Bulgaria’s GERB tasked with forming minority government

June 8 vote, which handed centre-right party most seats but not a majority, was sixth snap poll in three years.

Bulgarian President Rumen Radev looks at Bulgaria's centre-right GERB party leader Boyko Borissov, as he holds mandate papers next to Prime Minister-designate Rosen Zhelyazkov, in Sofia, Bulgaria, July 1, 2024 [Stoyan Nenov/Reuters]

Bulgaria’s president has mandated a centre-right coalition to form a government almost a month after elections delivered yet another fragmented parliament.

President Rumen Radev tasked the GERB-UDF coalition with forming a government after the June 8 vote made it the largest group in the National Assembly. However, the prospects that the move will put an end to Bulgaria’s long run of political instability look slim.

Prime Minister-designate Rosen Zhelyazkov, a former parliament speaker, accepted the mandate from the president. He then presented a list of proposed cabinet ministers for a minority government, which he asked the president to send to parliament for approval.

The 56-year-old lawyer described his cabinet as “a team of experts and seasoned politicians from GERB”. However, the parliamentary vote, set for later this week, is expected to be challenging.

The GERB-led coalition holds just 68 of the 240 seats in the National Assembly and has yet to succeed in garnering the support from other political parties that it would require to command a majority in the vote.

So far, only the ethnic Turkish Movement for Rights and Freedoms with 47 lawmakers has promised support, which leaves the GERB-UDF coalition requiring another ally.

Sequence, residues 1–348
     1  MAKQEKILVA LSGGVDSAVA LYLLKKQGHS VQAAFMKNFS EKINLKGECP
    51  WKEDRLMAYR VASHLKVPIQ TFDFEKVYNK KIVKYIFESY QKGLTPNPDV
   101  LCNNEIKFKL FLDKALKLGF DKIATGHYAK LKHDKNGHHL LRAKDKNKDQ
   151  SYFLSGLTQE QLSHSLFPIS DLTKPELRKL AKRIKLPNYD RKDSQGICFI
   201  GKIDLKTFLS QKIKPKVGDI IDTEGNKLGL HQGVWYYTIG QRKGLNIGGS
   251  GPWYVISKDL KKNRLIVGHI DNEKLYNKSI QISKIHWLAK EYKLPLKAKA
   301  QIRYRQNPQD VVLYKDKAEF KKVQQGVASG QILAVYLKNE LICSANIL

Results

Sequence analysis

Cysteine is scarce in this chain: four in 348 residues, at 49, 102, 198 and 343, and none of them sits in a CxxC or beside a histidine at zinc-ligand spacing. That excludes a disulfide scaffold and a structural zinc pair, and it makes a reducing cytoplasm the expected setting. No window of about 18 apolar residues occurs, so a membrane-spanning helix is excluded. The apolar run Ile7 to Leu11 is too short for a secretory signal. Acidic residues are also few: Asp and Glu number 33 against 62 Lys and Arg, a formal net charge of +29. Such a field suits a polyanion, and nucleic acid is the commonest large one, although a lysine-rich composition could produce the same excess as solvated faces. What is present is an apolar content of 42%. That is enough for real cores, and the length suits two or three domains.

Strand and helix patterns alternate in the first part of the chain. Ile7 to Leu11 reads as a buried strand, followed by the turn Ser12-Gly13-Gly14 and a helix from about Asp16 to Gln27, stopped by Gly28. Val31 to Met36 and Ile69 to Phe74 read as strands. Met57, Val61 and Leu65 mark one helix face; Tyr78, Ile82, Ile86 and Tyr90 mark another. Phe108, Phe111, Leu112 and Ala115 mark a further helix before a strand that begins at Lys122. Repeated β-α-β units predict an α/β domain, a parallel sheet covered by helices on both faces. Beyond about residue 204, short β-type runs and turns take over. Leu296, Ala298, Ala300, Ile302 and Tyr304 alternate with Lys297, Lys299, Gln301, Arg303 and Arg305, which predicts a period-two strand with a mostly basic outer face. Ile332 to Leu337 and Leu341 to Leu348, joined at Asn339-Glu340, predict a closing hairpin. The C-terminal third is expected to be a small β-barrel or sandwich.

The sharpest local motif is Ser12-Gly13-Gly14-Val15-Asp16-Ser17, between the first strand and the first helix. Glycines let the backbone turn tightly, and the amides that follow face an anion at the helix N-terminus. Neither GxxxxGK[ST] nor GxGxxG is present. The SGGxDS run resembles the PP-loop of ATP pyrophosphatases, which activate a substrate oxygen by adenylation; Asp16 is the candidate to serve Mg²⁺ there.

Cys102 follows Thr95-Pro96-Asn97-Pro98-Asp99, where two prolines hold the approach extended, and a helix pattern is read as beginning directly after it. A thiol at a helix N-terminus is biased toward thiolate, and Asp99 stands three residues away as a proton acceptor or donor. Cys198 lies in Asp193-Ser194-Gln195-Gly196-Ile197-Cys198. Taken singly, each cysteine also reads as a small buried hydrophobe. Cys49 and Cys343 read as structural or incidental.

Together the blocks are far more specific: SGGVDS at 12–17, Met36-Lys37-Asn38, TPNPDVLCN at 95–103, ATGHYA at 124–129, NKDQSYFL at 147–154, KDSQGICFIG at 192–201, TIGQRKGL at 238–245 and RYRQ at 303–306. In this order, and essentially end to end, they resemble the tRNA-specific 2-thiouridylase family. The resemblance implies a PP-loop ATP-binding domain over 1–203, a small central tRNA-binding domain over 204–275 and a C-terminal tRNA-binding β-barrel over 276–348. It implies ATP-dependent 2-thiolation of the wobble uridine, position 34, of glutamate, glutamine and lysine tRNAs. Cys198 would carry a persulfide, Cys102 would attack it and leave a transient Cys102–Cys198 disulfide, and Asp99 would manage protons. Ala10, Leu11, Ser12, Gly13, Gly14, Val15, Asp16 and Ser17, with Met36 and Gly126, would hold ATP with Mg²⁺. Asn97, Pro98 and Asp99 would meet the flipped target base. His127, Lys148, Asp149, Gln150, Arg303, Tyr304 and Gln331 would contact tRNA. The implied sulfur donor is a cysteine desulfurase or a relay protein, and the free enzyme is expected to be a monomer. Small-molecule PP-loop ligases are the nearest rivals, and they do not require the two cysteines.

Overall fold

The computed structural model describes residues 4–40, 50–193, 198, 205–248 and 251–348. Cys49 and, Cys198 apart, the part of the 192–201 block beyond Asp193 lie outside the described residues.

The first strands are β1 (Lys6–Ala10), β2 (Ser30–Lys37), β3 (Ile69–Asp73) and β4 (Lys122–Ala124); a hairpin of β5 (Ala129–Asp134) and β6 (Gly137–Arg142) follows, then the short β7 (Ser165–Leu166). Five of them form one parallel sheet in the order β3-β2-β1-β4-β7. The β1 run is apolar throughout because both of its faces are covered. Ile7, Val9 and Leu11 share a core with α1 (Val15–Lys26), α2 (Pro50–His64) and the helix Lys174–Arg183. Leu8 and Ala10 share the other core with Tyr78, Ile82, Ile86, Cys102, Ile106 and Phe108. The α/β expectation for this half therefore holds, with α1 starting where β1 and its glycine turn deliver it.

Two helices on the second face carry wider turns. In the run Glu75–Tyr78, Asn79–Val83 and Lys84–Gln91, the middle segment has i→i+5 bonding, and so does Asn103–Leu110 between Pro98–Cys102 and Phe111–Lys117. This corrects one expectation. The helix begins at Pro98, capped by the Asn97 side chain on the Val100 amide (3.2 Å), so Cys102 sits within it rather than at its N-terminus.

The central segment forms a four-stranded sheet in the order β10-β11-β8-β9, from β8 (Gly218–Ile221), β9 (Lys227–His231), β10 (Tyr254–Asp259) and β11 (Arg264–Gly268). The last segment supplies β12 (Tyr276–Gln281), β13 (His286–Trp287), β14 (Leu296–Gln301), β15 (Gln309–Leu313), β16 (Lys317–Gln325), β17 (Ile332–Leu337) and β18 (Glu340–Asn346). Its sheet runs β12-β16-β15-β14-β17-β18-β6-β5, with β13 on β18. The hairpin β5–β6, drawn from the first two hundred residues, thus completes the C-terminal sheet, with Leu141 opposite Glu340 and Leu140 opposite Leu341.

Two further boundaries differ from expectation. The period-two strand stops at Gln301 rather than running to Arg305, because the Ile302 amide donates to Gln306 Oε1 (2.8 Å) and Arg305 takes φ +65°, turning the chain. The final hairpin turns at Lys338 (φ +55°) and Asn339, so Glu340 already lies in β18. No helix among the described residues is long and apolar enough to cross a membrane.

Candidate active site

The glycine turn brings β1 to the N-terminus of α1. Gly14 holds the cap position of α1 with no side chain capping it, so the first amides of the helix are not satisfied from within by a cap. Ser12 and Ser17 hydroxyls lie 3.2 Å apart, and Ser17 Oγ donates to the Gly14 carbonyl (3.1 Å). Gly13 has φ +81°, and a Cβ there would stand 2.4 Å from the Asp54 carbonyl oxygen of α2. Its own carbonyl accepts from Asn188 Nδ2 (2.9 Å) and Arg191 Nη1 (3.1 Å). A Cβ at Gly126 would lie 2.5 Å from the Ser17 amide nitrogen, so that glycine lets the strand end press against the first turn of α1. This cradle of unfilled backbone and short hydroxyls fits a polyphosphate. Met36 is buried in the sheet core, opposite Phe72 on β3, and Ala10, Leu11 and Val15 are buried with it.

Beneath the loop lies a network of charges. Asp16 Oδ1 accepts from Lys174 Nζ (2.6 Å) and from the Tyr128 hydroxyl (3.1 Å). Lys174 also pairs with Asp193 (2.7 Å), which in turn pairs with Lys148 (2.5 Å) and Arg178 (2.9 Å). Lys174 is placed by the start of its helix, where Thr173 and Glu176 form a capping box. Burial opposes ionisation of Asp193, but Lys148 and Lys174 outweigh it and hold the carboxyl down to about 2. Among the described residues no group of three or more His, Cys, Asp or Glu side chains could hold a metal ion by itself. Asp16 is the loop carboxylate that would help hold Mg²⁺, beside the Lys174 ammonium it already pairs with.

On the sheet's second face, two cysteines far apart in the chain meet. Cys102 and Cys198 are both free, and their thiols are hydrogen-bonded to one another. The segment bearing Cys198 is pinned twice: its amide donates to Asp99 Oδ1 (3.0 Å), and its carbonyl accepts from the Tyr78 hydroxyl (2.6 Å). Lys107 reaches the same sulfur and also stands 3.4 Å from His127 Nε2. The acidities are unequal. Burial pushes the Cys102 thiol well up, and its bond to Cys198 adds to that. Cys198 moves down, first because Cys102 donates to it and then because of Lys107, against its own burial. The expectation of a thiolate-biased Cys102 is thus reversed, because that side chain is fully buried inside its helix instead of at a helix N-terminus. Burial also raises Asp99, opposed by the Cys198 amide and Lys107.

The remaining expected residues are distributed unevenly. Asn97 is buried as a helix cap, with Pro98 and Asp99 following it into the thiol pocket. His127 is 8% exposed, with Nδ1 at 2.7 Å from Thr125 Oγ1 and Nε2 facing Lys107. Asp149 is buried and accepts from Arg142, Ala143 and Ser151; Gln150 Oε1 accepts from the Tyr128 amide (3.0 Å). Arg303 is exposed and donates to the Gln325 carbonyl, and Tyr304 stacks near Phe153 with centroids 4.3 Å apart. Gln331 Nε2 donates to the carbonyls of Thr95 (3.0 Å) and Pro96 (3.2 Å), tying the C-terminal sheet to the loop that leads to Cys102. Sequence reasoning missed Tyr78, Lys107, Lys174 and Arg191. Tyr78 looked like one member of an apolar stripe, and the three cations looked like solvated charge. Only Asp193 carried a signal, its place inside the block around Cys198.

However, that appears unlikely, suggesting that Bulgaria remains some distance from securing a stable government.

Instability

The June 8 election was the sixth snap poll in three years in the poorest member of the European Union.

Multiple governments have come and gone since anticorruption protests starting in 2020 helped topple a coalition led by GERB, headed by then-Prime Minister Boyko Borissov, who remains party leader.

June’s election was triggered by the collapse in March of a coalition comprising GERB and the relatively new, reformist We Continue the Change (PP) party.

Both strongly pro-EU but divided by personal rivalries and distrust, the pair said they could not form a new government without another election.

The PP won 39 seats in the June poll, behind the Movement for Rights and Freedom. The ultranationalist Revival party won 38 seats.

Borissov, who led three governments between 2009 and 2021, said immediately after the election that he would not seek the prime minister’s chair, in an apparent effort to smooth the way to forming partnerships.

But PP announced on Thursday that it would not support a government that includes GERB.

If the coalition fails to secure backing from parliament, the president will hand the mandate to the runner-up in the elections.

Bulgaria, which has for years strived to join the eurozone and fully participate in Europe’s open-border Schengen area, is eyeing a stable government that would accelerate the flow of EU funds.

Plans to join the eurozone have already been pushed back twice because of missed inflation targets.

Source: News Agencies